July 22, 2009

Bernanke: Commercial defaults may be next

The United States may face a wave of commercial real estate defaults as the financial crisis evolves, U.S. Federal Reserve Chairman Ben Bernanke said Wednesday.

But Bernanke, in the second day of his semiannual congressional testimony on monetary policy, did not commit to any steps the Fed might take to aid the market.

Senate Banking Committee Chairman Sen. Christopher Dodd, D-Conn., told Bernanke some have suggested the commercial defaults may even dwarf the residential mortgage problems.

Trends Research Institute Director Gerald Celente, who forecast the subprime mortgage financial crisis and the U.S. dollar's decline in 2006, has predicted the defaults will turn into a commercial real estate collapse that will dwarf the subprime problem.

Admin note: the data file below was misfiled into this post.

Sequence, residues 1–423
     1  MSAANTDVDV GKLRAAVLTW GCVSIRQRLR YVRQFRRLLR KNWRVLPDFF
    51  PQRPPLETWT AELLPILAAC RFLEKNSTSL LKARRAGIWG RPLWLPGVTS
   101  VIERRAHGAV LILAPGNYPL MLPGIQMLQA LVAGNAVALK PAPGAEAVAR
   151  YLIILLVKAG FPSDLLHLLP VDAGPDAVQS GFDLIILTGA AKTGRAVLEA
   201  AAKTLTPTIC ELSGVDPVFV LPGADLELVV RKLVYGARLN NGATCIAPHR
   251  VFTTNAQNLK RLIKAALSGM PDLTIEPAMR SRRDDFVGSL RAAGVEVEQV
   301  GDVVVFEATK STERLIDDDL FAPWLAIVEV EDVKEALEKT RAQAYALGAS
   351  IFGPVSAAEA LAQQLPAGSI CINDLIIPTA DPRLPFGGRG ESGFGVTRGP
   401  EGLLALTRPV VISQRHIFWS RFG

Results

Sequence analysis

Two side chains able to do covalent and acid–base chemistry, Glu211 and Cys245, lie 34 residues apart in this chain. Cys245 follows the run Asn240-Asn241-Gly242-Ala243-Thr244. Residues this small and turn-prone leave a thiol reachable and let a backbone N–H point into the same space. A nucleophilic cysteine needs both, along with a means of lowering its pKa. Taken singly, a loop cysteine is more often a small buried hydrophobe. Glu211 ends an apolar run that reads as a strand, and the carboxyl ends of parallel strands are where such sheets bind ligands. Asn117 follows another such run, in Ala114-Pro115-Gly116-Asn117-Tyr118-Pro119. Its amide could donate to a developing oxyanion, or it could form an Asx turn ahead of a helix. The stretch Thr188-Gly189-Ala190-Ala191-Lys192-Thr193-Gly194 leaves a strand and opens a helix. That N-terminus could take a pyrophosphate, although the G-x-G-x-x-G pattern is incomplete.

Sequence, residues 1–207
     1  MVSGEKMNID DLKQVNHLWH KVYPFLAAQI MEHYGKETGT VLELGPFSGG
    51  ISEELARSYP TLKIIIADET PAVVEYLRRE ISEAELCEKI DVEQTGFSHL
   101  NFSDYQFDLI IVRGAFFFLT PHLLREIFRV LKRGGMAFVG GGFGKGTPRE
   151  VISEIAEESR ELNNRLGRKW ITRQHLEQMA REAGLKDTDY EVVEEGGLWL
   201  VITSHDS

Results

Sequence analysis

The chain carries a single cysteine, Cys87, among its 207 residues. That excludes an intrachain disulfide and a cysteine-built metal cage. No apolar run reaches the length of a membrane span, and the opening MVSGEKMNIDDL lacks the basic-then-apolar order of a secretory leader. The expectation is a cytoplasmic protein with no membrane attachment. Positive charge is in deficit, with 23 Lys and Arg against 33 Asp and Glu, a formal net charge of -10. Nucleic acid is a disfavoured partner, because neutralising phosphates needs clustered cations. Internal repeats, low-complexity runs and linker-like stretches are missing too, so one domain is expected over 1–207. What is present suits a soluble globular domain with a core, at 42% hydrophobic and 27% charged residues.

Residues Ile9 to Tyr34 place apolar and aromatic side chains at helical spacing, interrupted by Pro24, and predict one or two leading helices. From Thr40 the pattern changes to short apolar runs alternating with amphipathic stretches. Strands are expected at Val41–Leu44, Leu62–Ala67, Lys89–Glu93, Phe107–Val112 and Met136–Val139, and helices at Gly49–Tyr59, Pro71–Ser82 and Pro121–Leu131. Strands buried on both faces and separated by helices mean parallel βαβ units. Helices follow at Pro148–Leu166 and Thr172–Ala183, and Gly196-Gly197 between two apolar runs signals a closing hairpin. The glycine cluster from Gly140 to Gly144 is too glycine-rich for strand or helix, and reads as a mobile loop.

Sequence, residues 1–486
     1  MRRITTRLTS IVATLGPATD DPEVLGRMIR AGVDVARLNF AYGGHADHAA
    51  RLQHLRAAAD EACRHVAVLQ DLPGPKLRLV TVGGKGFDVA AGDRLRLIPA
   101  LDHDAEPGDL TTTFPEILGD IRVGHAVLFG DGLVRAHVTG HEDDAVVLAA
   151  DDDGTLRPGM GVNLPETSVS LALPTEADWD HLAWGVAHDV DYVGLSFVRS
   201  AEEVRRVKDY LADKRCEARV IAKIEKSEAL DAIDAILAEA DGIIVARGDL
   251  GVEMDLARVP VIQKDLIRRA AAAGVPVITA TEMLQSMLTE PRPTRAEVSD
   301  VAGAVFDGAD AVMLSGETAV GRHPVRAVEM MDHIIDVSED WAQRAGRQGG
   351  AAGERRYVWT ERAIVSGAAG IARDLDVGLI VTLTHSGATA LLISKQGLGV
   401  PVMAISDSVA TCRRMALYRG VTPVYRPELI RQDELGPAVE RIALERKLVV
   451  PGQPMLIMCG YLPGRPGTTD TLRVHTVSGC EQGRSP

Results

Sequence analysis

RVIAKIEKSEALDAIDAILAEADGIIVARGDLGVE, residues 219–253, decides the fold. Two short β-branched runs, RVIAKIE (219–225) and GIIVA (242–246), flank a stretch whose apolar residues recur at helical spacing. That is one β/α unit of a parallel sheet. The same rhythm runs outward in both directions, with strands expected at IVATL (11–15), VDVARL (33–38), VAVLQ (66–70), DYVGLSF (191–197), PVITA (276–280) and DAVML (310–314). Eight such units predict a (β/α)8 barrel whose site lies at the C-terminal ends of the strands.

Bernanke said it was too early to say how effective the Fed would be in staving off a wave of commercial real estate defaults.

It may be appropriate for the government to consider steps such as guaranteeing commercial mortgages to support the industry, he said.

U.S. commercial property prices fell 7.6 percent between April and May, bringing the total drop to 35 percent since the market's peak, Moody's Investors Service said.

At least 5,315 commercial properties worth more than $108 billion were in default, foreclosure or bankruptcy in June, real estate research firm Real Capital Analytics Inc. said.

That's more than twice the number of troubled properties six months earlier and almost twice the value, it said.

Hotels and retail properties are among the most problematic assets, the study said.